One might think they would have inquired about this before enacting a remedy, but there you have it.
Turns out 92% of them can be divided into three segments: The biggest cluster (47.8% of all the uninsured) are “healthy and young.” They are not much motivated to enroll and they take their health for granted.
And in fact the uninsured are a varied lot – 59.9% of them are workers, 26.1% are not, and 13.9% are children.
Rather than treating them like criminals for not doing what we think they should, we should treat them like potential customers.
If they don’t like what is currently available, perhaps that is more of a commentary on the products than on the people who don’t buy.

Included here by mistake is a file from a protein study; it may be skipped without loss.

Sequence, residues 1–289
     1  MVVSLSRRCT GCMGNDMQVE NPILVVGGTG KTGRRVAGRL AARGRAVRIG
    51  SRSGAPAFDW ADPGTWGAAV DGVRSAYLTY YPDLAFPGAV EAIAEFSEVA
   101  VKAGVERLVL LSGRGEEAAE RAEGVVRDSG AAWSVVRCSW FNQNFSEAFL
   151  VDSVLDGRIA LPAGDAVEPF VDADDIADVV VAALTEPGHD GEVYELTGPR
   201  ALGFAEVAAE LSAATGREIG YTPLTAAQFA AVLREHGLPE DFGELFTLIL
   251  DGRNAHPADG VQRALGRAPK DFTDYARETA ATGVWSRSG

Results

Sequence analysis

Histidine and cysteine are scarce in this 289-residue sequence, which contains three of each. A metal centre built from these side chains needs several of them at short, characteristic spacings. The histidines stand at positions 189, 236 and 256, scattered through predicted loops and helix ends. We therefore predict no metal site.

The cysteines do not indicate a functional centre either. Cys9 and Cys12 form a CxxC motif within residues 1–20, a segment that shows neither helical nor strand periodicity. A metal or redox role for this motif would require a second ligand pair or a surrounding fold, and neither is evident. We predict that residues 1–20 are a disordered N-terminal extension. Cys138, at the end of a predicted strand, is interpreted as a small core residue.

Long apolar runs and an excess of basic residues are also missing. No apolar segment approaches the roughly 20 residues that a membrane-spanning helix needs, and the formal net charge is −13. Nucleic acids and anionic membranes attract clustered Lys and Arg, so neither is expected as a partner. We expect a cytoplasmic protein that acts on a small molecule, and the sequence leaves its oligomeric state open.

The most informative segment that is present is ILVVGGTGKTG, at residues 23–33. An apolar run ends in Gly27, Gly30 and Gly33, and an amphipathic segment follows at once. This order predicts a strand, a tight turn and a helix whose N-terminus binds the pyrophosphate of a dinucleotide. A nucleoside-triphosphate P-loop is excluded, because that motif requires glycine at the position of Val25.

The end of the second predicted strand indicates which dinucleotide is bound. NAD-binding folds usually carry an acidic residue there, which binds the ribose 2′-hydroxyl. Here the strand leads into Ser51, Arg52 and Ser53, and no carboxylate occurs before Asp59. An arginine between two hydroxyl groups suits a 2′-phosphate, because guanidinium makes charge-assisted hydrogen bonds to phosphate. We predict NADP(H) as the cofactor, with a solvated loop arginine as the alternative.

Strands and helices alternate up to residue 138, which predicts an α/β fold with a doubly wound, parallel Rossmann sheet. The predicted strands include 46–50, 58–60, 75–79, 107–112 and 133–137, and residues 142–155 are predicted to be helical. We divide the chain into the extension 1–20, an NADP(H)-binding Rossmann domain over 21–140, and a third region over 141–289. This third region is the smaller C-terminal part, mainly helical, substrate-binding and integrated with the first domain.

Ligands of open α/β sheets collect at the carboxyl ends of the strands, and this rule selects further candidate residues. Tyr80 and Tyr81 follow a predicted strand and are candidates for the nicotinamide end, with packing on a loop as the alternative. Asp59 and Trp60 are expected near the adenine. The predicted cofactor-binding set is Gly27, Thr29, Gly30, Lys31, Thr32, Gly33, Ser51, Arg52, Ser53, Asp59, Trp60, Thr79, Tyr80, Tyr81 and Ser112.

A study a few years ago in the journal Health Affairs found that one-third of all children eligible for Medicaid or S-CHIP had been enrolled in the program in the previous year but their parents didn’t bother re-enrolling them.
It wasn’t that they didn’t know about it or they didn’t know how to enroll. Obviously these people will continue to receive care whether they are insured or not, so the primary rationale for mandatory coverage – solving the “free rider” problem – will not be solved.
They will wait till they feel poorly and roll down to the emergency room like they always have because that is where the doctors are.
In Massachusetts the use of emergency department services went up, not down, after the mandate went into effect there.
If health reform did not include universality it was not worth pursuing, in their view. It is based on Census Bureau numbers from 1994 through 2012.
About fifteen percent of the population won’t comply.
They can’t read a contract, can’t keep an appointment to see a doctor, and can’t follow prescribed treatment programs.